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Quantum Science Center leadership advances quantum conversations at White House event

On December 2, multiple members of the QSC’s leadership team visited the White House for a summit on the future of quantum information science. Credit: White House Office of Science and Technology Policy

Earlier this month, Quantum Science Center Director Travis Humble, Deputy Director Vivien Zapf and Workforce Development Lead Alexandra Boltasseva attended the National Quantum Initiative Centers Summit hosted by the White House Office of Science and Technology Policy.

The event’s purpose was to evaluate opportunities and challenges facing the five U.S. Department of Energy National Quantum Information Science Research Centers – including the QSC – and five National Science Foundation quantum institutes, all of which were established through the National Quantum Initiative Act, as well as two U.S. Department of Defense centers and one U.S. Intelligence Community center established through the National Defense Authorization Act.

Representatives from all 13 centers gave 5-minute presentations followed by Q&A sessions with members of the Executive Office of the President. They shared their centers’ missions and contributions to areas prioritized by the NQIA and NDAA – from achieving scientific breakthroughs and leading workforce development efforts to cultivating interactions with industry partners and fostering international collaborations.

During his remarks, Humble provided an overview of the QSC’s goals, which include discovering and developing new quantum materials, optimizing the performance of novel quantum algorithms, and implementing the next generation of quantum sensors. To date, the QSC’s progress toward these goals has enabled more efficient computer simulations and increasingly sophisticated experiments in both fundamental and applied science.

To continue this trajectory, Humble emphasized that the ongoing efforts that focus on growing the quantum information science workforce and addressing shared research challenges must remain key priorities for the QSC’s individual members, partner institutions, and for the broader QIS community.

“The meeting highlighted the resources and expertise that this new community of centers and institutions brings to the table,” Humble said. “By sharing expectations and anticipating obstacles, the group amplified the excitement surrounding QIS, which is a growing field that is cultivating an inclusive culture of science and engineering and has the potential to develop transformative technologies.”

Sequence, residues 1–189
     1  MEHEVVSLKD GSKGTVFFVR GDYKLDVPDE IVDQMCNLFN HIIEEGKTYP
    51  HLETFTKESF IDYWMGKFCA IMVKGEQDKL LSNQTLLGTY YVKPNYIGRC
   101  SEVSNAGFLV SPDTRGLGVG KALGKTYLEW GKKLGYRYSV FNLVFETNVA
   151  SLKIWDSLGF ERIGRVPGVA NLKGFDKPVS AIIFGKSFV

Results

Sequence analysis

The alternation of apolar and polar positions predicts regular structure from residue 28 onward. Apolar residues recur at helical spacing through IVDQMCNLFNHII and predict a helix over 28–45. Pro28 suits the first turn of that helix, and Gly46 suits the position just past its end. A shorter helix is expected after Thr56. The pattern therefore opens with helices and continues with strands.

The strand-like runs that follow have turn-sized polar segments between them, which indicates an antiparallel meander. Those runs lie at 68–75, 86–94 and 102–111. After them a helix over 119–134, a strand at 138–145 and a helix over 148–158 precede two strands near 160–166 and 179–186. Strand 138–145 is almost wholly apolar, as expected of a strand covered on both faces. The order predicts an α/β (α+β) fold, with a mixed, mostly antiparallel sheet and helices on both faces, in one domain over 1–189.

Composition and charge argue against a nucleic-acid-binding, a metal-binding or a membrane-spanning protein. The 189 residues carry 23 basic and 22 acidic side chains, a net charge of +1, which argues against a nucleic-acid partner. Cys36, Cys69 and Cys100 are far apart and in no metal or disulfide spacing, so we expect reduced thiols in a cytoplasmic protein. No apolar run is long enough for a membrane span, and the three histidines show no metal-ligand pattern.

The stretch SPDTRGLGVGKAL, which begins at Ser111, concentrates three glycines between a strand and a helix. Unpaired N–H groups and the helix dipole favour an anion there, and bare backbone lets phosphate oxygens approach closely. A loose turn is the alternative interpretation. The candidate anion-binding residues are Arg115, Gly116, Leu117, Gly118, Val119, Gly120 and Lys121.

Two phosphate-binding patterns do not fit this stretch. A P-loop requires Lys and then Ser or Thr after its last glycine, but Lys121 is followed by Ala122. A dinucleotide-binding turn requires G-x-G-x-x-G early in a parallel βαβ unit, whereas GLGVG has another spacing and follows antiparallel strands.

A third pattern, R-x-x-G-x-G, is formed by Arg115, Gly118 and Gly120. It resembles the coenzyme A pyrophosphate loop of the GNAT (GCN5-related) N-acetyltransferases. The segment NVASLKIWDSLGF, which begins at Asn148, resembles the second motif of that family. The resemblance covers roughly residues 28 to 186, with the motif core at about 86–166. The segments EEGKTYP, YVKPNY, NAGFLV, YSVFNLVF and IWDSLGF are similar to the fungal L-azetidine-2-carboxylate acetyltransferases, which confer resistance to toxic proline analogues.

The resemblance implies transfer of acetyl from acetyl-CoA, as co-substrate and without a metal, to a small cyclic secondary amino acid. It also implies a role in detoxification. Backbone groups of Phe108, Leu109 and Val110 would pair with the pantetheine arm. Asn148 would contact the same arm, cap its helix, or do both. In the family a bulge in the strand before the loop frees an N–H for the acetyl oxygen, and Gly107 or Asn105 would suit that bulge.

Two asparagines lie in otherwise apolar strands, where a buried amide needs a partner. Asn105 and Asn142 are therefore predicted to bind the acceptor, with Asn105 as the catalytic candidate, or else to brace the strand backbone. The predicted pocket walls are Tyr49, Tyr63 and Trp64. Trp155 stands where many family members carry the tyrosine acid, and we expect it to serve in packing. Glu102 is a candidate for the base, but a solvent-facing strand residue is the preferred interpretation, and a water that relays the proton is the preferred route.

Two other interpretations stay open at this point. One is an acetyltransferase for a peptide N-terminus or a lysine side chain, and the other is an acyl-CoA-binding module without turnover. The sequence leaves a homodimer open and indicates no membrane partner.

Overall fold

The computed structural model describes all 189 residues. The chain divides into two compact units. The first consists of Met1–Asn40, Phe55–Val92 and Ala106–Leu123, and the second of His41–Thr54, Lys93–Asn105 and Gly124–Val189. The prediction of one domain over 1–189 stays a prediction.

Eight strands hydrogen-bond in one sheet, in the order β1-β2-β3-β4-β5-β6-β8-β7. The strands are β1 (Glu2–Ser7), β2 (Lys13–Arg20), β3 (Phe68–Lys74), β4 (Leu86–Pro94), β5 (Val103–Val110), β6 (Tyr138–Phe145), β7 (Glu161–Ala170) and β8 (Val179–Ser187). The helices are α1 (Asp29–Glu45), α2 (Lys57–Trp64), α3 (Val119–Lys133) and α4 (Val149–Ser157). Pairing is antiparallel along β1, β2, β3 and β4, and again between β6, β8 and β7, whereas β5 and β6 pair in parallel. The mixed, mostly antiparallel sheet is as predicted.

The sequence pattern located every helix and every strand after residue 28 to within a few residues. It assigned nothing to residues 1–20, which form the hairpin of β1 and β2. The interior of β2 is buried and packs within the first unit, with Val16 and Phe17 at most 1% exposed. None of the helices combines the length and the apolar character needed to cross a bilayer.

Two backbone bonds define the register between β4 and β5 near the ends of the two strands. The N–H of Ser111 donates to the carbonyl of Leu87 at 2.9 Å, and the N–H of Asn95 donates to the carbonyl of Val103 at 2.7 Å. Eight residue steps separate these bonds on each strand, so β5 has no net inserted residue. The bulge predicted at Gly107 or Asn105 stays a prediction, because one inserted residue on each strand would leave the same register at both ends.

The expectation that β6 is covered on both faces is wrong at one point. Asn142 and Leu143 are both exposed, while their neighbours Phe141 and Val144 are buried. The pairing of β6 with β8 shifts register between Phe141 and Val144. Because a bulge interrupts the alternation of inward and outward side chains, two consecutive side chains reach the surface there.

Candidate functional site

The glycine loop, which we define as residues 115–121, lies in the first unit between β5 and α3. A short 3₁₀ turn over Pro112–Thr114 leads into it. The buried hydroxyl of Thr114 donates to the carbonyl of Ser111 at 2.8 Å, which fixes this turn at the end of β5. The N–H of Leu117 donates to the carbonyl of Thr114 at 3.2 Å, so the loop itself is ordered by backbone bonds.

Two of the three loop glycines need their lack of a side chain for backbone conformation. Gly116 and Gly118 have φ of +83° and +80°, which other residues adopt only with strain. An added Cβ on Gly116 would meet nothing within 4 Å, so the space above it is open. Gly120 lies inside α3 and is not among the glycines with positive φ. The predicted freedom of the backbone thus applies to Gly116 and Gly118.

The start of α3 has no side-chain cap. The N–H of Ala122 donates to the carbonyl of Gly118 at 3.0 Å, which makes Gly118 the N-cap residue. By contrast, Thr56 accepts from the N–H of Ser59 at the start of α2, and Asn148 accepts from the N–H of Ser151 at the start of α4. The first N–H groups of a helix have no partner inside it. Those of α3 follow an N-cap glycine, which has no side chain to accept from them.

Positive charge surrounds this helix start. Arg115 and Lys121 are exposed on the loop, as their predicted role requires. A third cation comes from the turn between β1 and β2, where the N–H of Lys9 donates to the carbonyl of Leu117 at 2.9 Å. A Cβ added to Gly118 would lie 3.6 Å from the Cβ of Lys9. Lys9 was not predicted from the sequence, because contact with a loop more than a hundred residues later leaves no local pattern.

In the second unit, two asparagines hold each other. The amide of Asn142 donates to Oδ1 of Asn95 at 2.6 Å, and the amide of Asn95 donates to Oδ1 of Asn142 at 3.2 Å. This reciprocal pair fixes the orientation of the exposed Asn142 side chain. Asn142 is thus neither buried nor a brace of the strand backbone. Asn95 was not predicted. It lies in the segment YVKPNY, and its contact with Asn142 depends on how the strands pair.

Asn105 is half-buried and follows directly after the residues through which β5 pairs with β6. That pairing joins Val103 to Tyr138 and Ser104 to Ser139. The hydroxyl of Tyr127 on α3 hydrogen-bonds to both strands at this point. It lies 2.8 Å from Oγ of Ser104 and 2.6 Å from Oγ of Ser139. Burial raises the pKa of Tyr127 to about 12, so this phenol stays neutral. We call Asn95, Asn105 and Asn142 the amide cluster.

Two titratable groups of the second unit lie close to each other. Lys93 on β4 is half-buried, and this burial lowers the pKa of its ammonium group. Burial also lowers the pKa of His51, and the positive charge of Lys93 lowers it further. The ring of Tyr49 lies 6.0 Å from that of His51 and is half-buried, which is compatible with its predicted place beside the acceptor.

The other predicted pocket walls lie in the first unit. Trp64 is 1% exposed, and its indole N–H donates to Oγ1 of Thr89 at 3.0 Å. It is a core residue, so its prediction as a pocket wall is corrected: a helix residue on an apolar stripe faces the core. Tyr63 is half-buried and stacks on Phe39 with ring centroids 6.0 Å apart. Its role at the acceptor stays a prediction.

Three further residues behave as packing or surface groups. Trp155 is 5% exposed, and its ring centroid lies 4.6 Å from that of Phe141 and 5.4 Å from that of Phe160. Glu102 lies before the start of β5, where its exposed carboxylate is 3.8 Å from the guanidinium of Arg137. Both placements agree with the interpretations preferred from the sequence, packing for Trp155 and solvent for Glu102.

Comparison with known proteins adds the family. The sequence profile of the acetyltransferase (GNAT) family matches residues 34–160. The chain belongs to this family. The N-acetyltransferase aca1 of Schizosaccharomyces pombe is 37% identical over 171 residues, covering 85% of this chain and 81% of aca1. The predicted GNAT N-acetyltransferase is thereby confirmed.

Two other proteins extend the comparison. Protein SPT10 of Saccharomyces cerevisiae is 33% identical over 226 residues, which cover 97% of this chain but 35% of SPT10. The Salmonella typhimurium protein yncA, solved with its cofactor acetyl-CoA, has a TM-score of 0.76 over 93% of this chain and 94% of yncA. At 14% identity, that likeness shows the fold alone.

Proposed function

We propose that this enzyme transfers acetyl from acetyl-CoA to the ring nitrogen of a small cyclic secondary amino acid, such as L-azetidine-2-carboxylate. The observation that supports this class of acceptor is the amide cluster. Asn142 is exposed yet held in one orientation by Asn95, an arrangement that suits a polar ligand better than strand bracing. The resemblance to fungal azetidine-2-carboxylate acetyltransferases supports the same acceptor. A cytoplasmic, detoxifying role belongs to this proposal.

Subsequent discussions focused on the current state of the eight Quantum Frontiers identified by OSTP’s National Quantum Coordination Office and the resources and expertise needed to facilitate additional advances.

Throughout the day, participants underscored the importance of ensuring equitable and early access to career paths in QIS. To this end, Boltasseva is passionate about recruiting and training a diverse array of students and professionals from many different research disciplines through avenues such as the QSC’s annual summer school.

“As a society, we took the first step toward creating a quantum culture by engaging in an open and vibrant conversation about making connections across the centers and leveraging our combined expertise to build new workforce pipelines for emerging technologies such as quantum systems and sensors,” Boltasseva said.

As the first major gathering of the centers’ leadership teams, the summit set a precedent for continued collaboration and coordination between institutions affiliated with government, industry and academia. These partnerships, many of which are already established, are designed to enable scientific accomplishments and practical applications in high-performance computing, national security and more.

“It was great to see the breadth of quantum research and the institutions from various funding streams that all fall under the umbrella of QIS,” Zapf said. “The roundtable discussions provided an unprecedented opportunity for the centers, funding agencies and OSTP representatives to address research challenges and ensure that the field as a whole is heading in the right direction.”

The QSC, a DOE National Quantum Information Science Research Center led by Oak Ridge National Laboratory, performs cutting-edge research at national laboratories, universities, and industry partners to overcome key roadblocks in quantum-state resilience, controllability, and ultimately the scalability of quantum technologies. QSC researchers are designing materials that enable topological quantum computing; implementing new quantum sensors to characterize topological states and detect dark matter; and designing quantum algorithms and simulations to provide a greater understanding of quantum materials, chemistry, and quantum field theories. These innovations enable the QSC to accelerate information processing, explore the previously unmeasurable, and better predict quantum performance across technologies. For more information, visit

UT-Battelle manages ORNL for DOE’s Office of Science, the single largest supporter of basic research in the physical sciences in the United States. DOE’s Office of Science is working to address some of the most pressing challenges of our time. For more information, visit — Elizabeth Rosenthal